Bird-Friendly Communities

Frozen birds have flown the coop!

Launched in 2013, Audubon North Carolina’s Bird-Friendly Communities initiative is a partnership program involving more than 20 organizations with a vision for creating a more bird-friendly North Carolina. This vision statement guides the goals and projects of the group: “Bird-friendly communities give birds the opportunity to succeed by providing connected habitat dominated by native plants, minimizing threats posed by the built environment, and engaging people of all ages and backgrounds in stewardship of nature.”

Please welcome guest blogger Wendy Hawkins, an avid birder who coordinates Forsyth Audubon’s Lights Out program in downtown Winston-Salem.

Lights Out volunteers in Winston-Salem, Charlotte and Raleigh spend their early mornings surveying the streets for birds injured or killed from window collisions during evening migration. Estimates indicate that 100 million to 1 billion birds fall victim to buildings every year in the United States alone. And this fall, dozens of birds were found in downtown Winston-Salem.

So, where do the birds go?

All of the birds collected by our volunteers of Forsyth Audubon continued a different kind of migration from downtown Winston-Salem to the North Carolina Museum of Natural Sciences in Raleigh! This special blog series takes Audubon readers behind the scenes to see how Lights Out work supports important research and education programs for bird conservation in our state.

Birds Flock to the NC Science Museum

Recently, Nathan and Sarah Gatto of Wright’s Backyard Birding Center packed the collected birds in dry ice. Then Ron Morris, former president of Forsyth Audubon, Randy Hawkins and I, took the baton and carted them to the NC Science Museum where our day of exploring really began.

Curator John Gerwin, head of the “dead bird department,” escorted us into the hidden bowels of the museum. As we followed him solemnly in single file, various employees commented on the apparent “funeral procession.” “Yes,” we agreed, “in a way, it was.” Toward the basement we continued until we reached a room where the serious stuff happens.

Scarlet Tanager specimens showing color variations. Photo by Ron Morris

The Basement: Little do most people know what happens “below deck!” Upon entering, we met two gentlemen diligently at work, each dissecting a bird carcass. Brian O’Shea, an expert and chief “dissector,” with the official title of Collections Manager for Ornithology, worked on his own specimen alongside Edward, a young, bright-eyed high school student who was just beginning his first bird dissection – ever! Brian worked on a Wood Thrush while Edward took on a Dovekie, which is a small black-and-white seabird that winters off the coast of North Carolina.

Frequently sprinkling sawdust to keep the parts dry and graspable, they worked – carefully, steadily and skillfully. Both were excited to show us their projects and explain their work. John showed us the cabinets where they dry the skins, preparing them for storage or mounting. Brian showed us the logbook where each bird is carefully recorded (species, age, sex, location found, date, etc.)

Suddenly, it was like Christmas, rather than a funeral, when John turned his attention to the cooler we had brought! Opening the lid he smiled, wide-eyed, at the 80 or so birds that lay frozen inside. Riffling through, he began extracting all sorts of interesting specimens. Some of the most intriguing findings included Cape May, Magnolia and Black-throated Blue Warblers, as well as a Grasshopper Sparrow and a baby Chimney Swift he said must have just fallen from the chimney because it didn’t look developed enough to be capable of flight. Sixty-two of these birds were found in Winston-Salem this fall, with a few more birds in the Gattos’ freezer from the previous year that must have “missed their flight” on the previous museum trip.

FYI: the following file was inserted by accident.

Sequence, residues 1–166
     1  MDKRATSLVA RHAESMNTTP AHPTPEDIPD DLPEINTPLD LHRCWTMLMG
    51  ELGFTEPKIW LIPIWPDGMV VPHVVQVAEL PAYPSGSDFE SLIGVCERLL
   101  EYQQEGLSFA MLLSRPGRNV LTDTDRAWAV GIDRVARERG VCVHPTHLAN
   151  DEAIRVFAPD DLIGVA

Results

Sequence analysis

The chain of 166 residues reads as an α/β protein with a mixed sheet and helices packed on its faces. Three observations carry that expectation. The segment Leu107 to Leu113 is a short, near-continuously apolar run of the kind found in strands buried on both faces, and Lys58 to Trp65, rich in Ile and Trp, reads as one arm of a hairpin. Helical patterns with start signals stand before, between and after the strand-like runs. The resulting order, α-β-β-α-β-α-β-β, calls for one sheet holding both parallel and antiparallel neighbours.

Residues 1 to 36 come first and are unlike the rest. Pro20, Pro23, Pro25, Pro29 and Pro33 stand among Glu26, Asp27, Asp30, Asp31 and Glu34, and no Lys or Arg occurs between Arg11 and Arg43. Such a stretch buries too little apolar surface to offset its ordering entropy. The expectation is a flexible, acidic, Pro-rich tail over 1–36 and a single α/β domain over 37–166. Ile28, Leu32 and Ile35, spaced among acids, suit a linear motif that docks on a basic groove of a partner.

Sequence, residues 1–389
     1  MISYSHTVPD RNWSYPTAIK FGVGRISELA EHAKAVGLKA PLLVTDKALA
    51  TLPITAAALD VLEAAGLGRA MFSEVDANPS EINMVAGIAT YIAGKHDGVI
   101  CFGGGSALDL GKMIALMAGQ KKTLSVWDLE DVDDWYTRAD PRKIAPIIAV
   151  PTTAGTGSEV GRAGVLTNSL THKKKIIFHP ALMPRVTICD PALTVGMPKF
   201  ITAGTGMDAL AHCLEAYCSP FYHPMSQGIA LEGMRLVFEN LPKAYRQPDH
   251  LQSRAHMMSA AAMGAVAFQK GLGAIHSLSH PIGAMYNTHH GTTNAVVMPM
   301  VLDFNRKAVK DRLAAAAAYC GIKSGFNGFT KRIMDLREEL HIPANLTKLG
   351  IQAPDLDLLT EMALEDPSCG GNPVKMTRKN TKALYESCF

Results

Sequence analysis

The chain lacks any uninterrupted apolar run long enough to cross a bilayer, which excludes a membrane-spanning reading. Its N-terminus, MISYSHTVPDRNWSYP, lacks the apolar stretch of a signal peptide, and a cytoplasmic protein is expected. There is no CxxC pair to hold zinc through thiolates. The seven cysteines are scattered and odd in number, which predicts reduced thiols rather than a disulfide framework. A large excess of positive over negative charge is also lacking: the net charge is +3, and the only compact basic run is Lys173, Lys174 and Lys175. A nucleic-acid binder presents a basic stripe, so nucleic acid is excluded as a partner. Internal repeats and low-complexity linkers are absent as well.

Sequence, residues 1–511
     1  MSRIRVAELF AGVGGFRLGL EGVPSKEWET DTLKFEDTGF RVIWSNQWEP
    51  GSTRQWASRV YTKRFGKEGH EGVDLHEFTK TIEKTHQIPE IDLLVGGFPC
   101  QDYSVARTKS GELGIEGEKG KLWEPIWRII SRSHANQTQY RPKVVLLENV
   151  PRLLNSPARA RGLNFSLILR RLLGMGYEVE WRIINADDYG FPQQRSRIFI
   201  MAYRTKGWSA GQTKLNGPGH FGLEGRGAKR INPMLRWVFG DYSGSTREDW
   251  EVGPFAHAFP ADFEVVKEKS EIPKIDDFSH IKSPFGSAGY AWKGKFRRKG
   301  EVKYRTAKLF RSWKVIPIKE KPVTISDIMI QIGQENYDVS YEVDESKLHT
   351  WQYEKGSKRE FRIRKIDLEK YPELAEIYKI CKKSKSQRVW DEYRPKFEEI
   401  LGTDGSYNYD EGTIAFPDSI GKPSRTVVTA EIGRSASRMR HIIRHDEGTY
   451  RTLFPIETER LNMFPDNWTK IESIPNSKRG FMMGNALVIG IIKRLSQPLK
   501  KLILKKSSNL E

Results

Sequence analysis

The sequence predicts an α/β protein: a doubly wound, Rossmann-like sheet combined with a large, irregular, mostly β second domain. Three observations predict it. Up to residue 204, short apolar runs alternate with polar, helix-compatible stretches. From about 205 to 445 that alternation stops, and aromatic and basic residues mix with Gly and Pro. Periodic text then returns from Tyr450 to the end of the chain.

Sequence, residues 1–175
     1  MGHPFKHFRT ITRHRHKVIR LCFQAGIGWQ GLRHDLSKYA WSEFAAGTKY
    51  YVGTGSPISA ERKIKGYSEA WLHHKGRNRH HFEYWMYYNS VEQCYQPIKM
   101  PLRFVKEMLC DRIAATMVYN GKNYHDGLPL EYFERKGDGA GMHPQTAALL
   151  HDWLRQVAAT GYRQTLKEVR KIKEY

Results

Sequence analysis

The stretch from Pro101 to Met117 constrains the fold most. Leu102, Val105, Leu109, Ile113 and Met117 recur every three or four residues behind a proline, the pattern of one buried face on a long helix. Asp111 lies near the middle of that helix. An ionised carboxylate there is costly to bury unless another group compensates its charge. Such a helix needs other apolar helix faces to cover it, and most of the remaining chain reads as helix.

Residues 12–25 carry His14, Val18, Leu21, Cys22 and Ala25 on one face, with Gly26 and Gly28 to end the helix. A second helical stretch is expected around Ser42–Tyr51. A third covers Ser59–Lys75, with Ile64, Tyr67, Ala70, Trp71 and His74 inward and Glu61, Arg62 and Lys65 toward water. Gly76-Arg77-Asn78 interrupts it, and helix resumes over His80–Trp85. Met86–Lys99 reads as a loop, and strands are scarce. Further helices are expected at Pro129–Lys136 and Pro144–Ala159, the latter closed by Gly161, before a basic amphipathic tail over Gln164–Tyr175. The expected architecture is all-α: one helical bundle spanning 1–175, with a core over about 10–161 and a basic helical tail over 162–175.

John commented on how amazing it is that many of the rather elusive birds migrate right through cities such as ours – often at night. So little we may realize about what is happening right over our heads – especially during migration!

A specimen of the extinct Passenger Pigeon, part of the permanent collection at the NC Museum of Natural Sciences. Photo by Ron Morris

The SUB-basement: If the basement wasn’t already enthralling enough, then it was on to the SUB-basement! Down there are about 30,000 preserved bird carcasses and wings all fully catalogued and labeled in drawers of huge cabinets – row after row. “What would you like to see, in particular?” John asked. Wow! I could hardly think of what I should say. So many possibilities! Fortunately, Ron was on his toes with some suggestions. “A Passenger Pigeon, a Carolina Parakeet?” Yes, he had a female Passenger Pigeon in the process of being repaired in order to be placed with her male counterpart on display in the main part of the museum. The Carolina Parakeets were already on display.

Thinking of extinct species, I remembered to ask about the Ivory-billed Woodpecker. They didn’t have one of those, but they did have other interesting woodpeckers: the Pileated, Red-headed, Red-bellied, Northern Flicker and Downy. Also, there were amazing drawers of huge wings: Osprey, various swans and various hawks.

Since 2011, Forsyth Audubon’s Lights Out volunteers have contributed more than 250 birds – representing 50 species – to the museum’s collection. Click here to learn how the Forsyth Lights Out program was started. Mecklenburg Audubon and Wake Audubon volunteers also monitor their downtown buildings for collision victims.

Find out why museum specimens matter in the second installment here.

How you can help, right now